The Vancouver Island Real Estate Board reported last month, 444 single-family homes sold on the Multiple Listing Service® (MLS®) System
compared to 518 in May and 617 one year ago. The number of apartments changing hands last month dropped by
21 per cent, but in the townhouse category, sales increased by 26 per cent.
Housing demand in the VIREB area has shifted lower in the first half of 2018 as stricter mortgage qualifications for
conventional borrowers and rising interest rates took their toll on household purchasing power and affordability. It
is unclear whether the June slowdown is reflective of seasonal summer market conditions or if demand-side policy
changes are finally beginning to play a larger role in VIREB’s housing market.
Despite lower sales thus far in 2018, lack of inventory continues to tilt the market in favour of sellers and push
prices upwards. The number of single-family homes for sale has been slowly increasing, hitting 1,336 in June, up
only three per cent from May but a significant increase from the 893 properties available in January. The supply of
townhouses rose by 33 per cent from one year ago, but many of the listings behind these modest inventory gains
in both property types are being quickly snapped up by buyers.
In its 2018 Second-Quarter Housing Forecast, the British Columbia Real Estate Association (BCREA) anticipates that
MLS® residential sales in the province will decline by nine per cent to 94,200 units this year from 103,700 in 2017.
“B.C. housing markets have benefited from the provincial economy expanding well above trend growth over the
past four years,” says BCREA chief economist Cameron Muir. “However, economic growth is expected to slow and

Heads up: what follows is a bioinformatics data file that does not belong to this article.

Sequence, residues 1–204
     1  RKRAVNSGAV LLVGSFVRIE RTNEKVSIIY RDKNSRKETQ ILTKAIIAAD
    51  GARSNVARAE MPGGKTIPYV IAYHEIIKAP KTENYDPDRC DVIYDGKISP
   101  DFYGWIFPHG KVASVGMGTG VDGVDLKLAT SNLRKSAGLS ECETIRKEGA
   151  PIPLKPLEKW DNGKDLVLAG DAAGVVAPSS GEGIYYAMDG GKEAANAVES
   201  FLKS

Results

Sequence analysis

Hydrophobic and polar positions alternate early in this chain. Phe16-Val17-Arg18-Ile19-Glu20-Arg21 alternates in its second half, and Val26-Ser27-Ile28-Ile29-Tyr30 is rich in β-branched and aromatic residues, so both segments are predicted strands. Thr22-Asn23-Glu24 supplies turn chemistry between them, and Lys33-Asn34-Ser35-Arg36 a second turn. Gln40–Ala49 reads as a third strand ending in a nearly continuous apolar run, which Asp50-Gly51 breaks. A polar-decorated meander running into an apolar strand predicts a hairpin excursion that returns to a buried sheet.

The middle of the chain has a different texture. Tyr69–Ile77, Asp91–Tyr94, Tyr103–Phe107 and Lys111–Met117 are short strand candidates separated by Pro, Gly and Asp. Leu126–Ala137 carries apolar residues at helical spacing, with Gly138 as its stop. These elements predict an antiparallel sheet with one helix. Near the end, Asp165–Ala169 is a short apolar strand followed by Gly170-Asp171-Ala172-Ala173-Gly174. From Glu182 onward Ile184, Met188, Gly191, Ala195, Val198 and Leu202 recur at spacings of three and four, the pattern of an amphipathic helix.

reflect the long-term average this year.”
On a local level, BCREA predicts that over the next eight months, VIREB’s long-term sellers’ market will begin
shifting towards more balanced conditions. Further, the pace of price increases will slow if demand keeps
declining, but it is unlikely that prices will drop until additional inventory enters the market by way of new
construction or buyer appetite decreases drastically.
In the meantime, competition for homes – especially in the $300,000 to $500,000 range – is still modus operandi in
the VIREB area, with multiple offers a commonplace occurrence on properties in that price range. Despite buyer
demand, however, homes at most price points still need to be reasonably priced.
“For sellers, properly pricing your home remains an important factor,” says Don McClintock, 2018 VIREB President.
“Buyers are savvy, and overpriced homes take longer to sell.
Connecting with a local REALTOR® is especially crucial in a competitive housing market.
“REALTORS® have specialized knowledge of their communities and can help streamline the buying and selling
process to ensure the best possible outcome for our clients,” says McClintock.
The benchmark price of a single-family home in the VIREB area reached $510,300 in June, a 15 per cent increase
from one year ago. (Benchmark pricing tracks the value of a typical home in the reported area.) The benchmark
price of an apartment last month was $313,300, a slight decrease from May but a 24 per cent increase over last
June. In the townhouse category, the benchmark price hit $405,000, up 18 per cent over June 2017.
Last month, the benchmark price of a single-family home in the Campbell River area climbed to $425,800, an
increase of 22 per cent over June 2017. In the Comox Valley, the benchmark price reached $510,700, up 17 per
cent from last year. Duncan reported a benchmark price of $450,500, up 12 per cent from June 2017. Nanaimo’s
benchmark price rose 11 per cent to $534,300, down slightly from May, while the Parksville-Qualicum area saw its
benchmark price increase by 16 per cent to $575,800. The cost of a benchmark home in Port Alberni reached
$293,800, up 22 per cent from one year ago.